# Finding a HPD Interval for unknown population mean

I'm doing a question from a Bayesian stats textbook for study and am a bit confused with the result. Pretty sure I've messed something up but I'm not sure exactly what is going on here so any help is much appreciated.

QUESTION: A random sample of $$25$$ observations is obtained from a normal distribution with $$\mu$$ unknown and a known variance of $$\sigma^2=1$$. The sample mean is found to be $$0.29$$. Given that $$\mu>0$$, use a flat prior to determine the posterior. Plot this posterior and determine a $$95\%$$ highest posterior density (HPD) interval for $$\mu$$.

My attempt: The bayesian posterior here (with sample mean $$y=0.29$$, and utilising a flat prior) is given by $$\mu|\mathbf{y}, \sigma^2 \sim N\bigg(\overline{y},\frac{\sigma^2 }{n}\bigg)$$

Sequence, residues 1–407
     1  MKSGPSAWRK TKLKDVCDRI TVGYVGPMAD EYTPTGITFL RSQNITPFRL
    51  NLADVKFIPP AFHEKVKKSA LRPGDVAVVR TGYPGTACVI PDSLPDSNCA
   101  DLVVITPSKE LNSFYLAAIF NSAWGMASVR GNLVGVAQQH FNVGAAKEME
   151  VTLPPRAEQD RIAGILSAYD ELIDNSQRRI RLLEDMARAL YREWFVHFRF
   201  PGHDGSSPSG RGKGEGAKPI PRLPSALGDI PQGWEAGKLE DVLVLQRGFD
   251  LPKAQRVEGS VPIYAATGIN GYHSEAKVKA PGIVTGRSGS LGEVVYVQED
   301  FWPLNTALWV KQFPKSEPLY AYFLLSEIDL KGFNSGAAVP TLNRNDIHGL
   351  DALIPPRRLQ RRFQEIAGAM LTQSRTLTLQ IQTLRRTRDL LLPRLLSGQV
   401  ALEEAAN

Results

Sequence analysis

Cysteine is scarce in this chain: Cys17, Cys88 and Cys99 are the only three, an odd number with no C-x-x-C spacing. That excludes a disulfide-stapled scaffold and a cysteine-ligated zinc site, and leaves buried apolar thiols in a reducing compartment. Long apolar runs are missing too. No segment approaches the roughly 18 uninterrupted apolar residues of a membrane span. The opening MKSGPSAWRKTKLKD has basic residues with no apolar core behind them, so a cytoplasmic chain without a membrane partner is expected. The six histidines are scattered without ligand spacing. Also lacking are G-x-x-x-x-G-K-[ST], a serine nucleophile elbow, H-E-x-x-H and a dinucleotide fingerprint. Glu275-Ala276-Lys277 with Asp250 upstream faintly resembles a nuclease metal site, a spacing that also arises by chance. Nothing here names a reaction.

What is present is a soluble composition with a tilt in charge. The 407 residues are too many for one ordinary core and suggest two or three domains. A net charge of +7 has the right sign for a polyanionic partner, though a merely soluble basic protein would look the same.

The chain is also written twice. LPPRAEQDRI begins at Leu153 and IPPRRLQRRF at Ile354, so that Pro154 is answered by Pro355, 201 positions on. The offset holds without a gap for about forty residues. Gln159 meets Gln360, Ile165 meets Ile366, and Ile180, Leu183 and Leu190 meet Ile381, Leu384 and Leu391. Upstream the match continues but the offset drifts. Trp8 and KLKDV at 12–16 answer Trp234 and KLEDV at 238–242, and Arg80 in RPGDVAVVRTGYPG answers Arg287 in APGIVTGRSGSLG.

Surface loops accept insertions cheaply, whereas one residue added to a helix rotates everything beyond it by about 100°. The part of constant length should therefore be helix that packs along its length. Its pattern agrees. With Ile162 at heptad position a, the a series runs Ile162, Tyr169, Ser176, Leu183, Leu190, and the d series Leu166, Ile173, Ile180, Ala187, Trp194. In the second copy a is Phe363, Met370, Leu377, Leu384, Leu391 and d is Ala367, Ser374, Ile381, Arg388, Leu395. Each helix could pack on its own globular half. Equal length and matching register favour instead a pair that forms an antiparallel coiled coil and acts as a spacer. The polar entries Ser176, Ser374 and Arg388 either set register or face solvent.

We known $$n=25$$ and $$\sigma^2=1$$, so the posterior is

$$\mu|\mathbf{y} \sim N\bigg(0.29,\frac{1}{25}\bigg) = N\big(0.29,0.04\big).$$

Then the plot of the distribution looks like this: Plot of posterior

We see that the posterior is symmetric and unimodal, and so the $$95\%$$ HPD interval should just be the regular $$95\%$$ CI of $$(0.2116, 0.3684)$$, right? Something seems wrong here because I don't see why the question would be asking for a HPD interval if this was actually the case...

1. I amended your notation of $$\mu|\mathbf{y}$$; I understood what you meant but your notation was wrong.

2. the result you found is incorrect:

$$\overline{y}-1.96\times \frac{\sigma}{\sqrt{n}}\leq\mu\leq \overline{y}-1.96\times \frac{\sigma}{\sqrt{n}}$$

$$0.29-1.96\times \frac{1}{5}\leq\mu\leq 0.29-1.96\times \frac{1}{5}$$

...you wrongly considered $$\frac{1}{25}$$ instead of $$\frac{1}{\sqrt{25}}$$

Finally: Bayesian CI can be calculated in several ways, Centered Intervals or HPD.

The fact that, in this particular case, they are the same it is not significant.